241. James Slade, Matthew Wills, John Roberta, Humphrey Pym, and Wm. Minors, Commanders of the Mary, Exchange, and Speedwell, to the East India Company. Left the Downs 2nd Feb. last; met with Capt. Roe in a small ship of Milbrooke 21st, by whom they sent a few lines; crossed the equinox 22nd March; passed the Cape 12th May without touching; arrived at St. Augustine Bay 30th, where they found the pinnace Intelligence, John Burley, Master, sent to meet them with advices from Surat and Persia, requiring their stay at the island of Johanna till 20th Aug. in expectation of the James, William, and Blessing on their return from Bantam; also found there the Seahorse, of about 100 tons, belonging to the King and immediately set out by him. Capt. Richard Quaile, Commander, with commission and instructions under the King's hand and seal to go for the Red Sea and there, or, anywhere else, make purchase (?) of any that were not friends or allies of his Majesty; having seen his Commission, and examined his people, whom they detained as prisoners, and finding he had done nothing contrary to his Commission, it was thought safest to release them; hope that they have done will be acceptable to the Company though his employment and on such designs cannot be pleasing to any of them. Sailed thence 27th June, having refreshed and recovered their people sick of the scurvy, and arrived at Molala Islands, viz., Johanna 1st July; and understanding from Burley of the raging famine in all parts of the Mogul's country, and how the Discovery and Reformation were forced to provide for themselves in Persia at extraordinary rates, they resolved to glean up what grain these islands afforded for their ships' provisions, and by consultation opened one of the chests of ryals, and bought fresh victuals for saving their sea stores amounting to 1,700 Rs. of rice and other sorts of grain. Received news of the William's arrival at Molala, and letter from the President and Council of Surat, enordering their stay till the last of August in expectation of the James and Blessing from Bantam, diverting them from their former design for Persia, and enordering their immediate coming for Surat; and likewise news of the raging famine in India, and orders for gleaning up all the grain they could, but could not do what they might have done in regard the advice came so late, yet the small quantity they bought for the market costing not above 400 Rs., if sold as the market goes here, will defray the charge of all they bought at these islands and St. Lawrence. Sailed 1st Sept. for India, and 6th Oct. met the Blessing at the place appointed: having lost her monsoon for Bantam she left the James 15th Aug. on the coast of Sumatra, all her goods being put aboard the James, Capt. Morton and Mr. Skibbowe intending their course for Bantam to gain pepper for the home-bound ships this year, but in their opinions it is impossible for them to return here this year, owing to their late dispatch hence. By which means the William and Blessing (if sufficient lading be gotten for both) will want pepper to stow among their goods, to the Company's great loss. Oct. 7th, met nine sail of Dutch ships from Batavia bound for Surat, with whom they kept company till their arrival there 14th. Found the President in health, but all the merchants dead, or sick and hardly able to help one another, and the town and country in a manner unpeopled, for never in the memory of man has the like famine and mortality happened. This that was in a manner the garden of the world is turned into a wilderness having few or no men left to labour, so that places that have yielded 15 bales cloth in a day, hardly yield now three in a month: Ahmedabad that yielded 3,000 bales indigo yearly, now hardly yields 300, yet a plentiful year for its growth, which lies rotting on the ground for want of men to gather it. Agra not touched with this famine or mortality, but continues in its former estate, but affords little to satisfy so many buyers, and what they shall do for a lading against next year God only knows; and yours and our unhappiness is the more for the loss of President Rastell who deceased 7th Nov. last and left not a man behind him in this factory able to manage the Company's affairs, Mr. Hopkinson is only left, but is too sick and weak; Mountney at Ahmedabad, Rand at Cambaya, Joyce at Baroach, and Wick at Brodera have likewise been sick, but are well recovered. The late dispatch of their caphilo of goods, all last year's quicksilver and some of their chests of ryals for Ahmedabad through the sickness and death of the President, but more through the perfidious dealing of this Governor, will be a cause that the homeward, southern, and Persian goods expected by that eaphilo, will not be returned hither till the middle of Jan., so that believe they will be forced to go for Persia first, except they hazard next year's employment, by loss of their monsoons. The Dutch are now under sail for Persia, and two of them thence bound for Holland, by whom have sent these lines, believing their dispatch from Persia will be before their arrival or that they can dispeed the William or Blessing. Of the home-bound goods here in readiness, viz., 800 bales Ahmedabad indigo, 400 or 500 Agra indigo, 200 cotton yarn, and 300 saltpetre, the indigo all cleared in the Custom House, yet the greatest part stopped by this perfidious Governor, and when the saltpetre and cotton yarn will be cleared is uncertain, the reason being they believe only to detain their ships for carrying some Persian friends of his and their goods, and for convoy of some of his junks which stay for Ahmedabad and Burrampoor caphilos, which they must not stay for. The William and Blessing are both intended for England, and one immediately from Persia if they can get those goods aboard that are ready at Surat; near half the indigo and saltpetre is already aboard, and hopes the rest will be suddenly brought down, with which will immediately sail. Their business in their opinions would have gone better forward had they not been diverted from their first injunctions for Persia. The goods for this port are all landed, but come to a most miserable market, especially quicksilver and vermilion, in regard of the great quantity the Dutch fleet has brought: that sent on last year's fleet not delivered before their arrival, nor the money due for it till four months after. Last year's coral remains in the house, but are uncertain whether sold or no. The James, William, and Blessing dispeeded hence 27th April last, got off the coast with much difficulty, and 14th May the William parted from them and arrived at Armagon 23rd, where Capt. Wills was ordered to bring away John Hunter, that was left Chief by Willoughby, also Osmond Smith, Lieutenant of the Fort, the reasons only known to the President and Council, in whose room were left John Norris and Thomas Robinson, with Robt. Adams for Lieutenant. Sailed thence 4th June, and with great difficulty crossing the equinoctial passed the southern end of St. Lawrence 5th Aug. and arrived at Molala 13th, and Johanna 20th, where they happily met. Understood by letters from Armagon that the Hopewell arrived there 25th June, and her stay would be till the middle of this month, and at Swally of Capt. Quaile's arrival 20 days before themselves and that he had taken two Malabar junks on the coast of Arabia, with some small quantity of "offim" (? opium) and other pillage of small value. Has lost 27 out of 50 men brought out of England, and the remainder mostly very weak and sick. God send all no better success that come out on such designs. Endorsed, "The Commanders of the ships of the third voyage. . . . The substance of Capt Quaile's Commission." 5 pp. [O. C., Vol. XIII., No. 1407.]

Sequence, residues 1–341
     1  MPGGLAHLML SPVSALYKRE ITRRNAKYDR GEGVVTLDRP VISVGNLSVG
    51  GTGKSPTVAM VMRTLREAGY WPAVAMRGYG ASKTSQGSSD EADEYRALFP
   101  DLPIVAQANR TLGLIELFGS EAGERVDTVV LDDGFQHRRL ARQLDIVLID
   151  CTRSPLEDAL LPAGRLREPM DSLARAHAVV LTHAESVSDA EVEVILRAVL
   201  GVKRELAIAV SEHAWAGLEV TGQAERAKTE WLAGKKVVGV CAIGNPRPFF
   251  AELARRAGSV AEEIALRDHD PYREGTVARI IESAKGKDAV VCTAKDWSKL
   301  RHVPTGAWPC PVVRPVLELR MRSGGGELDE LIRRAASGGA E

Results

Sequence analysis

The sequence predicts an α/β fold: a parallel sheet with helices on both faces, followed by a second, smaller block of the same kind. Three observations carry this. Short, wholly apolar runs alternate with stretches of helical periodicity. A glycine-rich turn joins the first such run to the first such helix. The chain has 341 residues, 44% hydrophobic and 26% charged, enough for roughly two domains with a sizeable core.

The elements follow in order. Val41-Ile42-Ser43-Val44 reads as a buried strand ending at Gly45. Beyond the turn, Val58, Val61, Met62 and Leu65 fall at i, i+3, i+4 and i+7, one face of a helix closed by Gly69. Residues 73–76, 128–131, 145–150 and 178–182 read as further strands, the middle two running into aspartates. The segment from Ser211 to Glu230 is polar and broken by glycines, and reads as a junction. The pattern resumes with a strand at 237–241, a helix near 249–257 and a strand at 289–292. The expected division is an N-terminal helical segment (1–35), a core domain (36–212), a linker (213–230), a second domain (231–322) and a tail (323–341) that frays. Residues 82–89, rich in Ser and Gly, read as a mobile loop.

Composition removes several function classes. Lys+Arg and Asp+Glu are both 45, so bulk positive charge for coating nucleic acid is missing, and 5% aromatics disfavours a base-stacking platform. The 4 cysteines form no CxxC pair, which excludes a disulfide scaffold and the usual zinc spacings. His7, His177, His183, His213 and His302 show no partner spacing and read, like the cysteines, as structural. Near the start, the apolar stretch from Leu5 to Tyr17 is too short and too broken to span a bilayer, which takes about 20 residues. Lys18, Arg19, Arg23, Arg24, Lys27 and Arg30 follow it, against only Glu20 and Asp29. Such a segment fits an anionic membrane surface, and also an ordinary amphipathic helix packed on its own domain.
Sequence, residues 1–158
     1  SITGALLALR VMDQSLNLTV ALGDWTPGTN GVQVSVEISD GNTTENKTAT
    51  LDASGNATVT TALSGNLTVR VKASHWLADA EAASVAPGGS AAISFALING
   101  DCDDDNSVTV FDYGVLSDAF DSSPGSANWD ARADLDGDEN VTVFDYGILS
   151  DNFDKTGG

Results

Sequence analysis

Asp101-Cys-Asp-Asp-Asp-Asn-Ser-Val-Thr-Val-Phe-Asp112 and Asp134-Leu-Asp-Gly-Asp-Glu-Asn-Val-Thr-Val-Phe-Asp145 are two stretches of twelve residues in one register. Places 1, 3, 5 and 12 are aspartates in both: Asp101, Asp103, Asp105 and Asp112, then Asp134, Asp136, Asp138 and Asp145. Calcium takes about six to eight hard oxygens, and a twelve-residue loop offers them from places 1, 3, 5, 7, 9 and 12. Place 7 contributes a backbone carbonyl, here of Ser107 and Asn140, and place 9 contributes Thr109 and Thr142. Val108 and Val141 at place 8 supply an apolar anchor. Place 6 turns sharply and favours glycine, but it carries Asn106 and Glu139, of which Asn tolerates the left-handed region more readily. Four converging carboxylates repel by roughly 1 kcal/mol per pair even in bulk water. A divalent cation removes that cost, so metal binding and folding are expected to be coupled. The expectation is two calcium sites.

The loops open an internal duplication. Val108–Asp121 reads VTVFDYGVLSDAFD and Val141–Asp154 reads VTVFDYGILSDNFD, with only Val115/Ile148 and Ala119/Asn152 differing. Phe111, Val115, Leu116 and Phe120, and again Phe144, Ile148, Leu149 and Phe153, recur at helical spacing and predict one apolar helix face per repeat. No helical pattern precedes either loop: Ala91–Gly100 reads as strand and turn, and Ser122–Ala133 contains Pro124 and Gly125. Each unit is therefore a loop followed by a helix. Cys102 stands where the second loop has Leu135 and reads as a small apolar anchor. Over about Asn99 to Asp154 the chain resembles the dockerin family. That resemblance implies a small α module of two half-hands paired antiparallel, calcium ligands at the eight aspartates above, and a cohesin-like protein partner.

Dec. 21.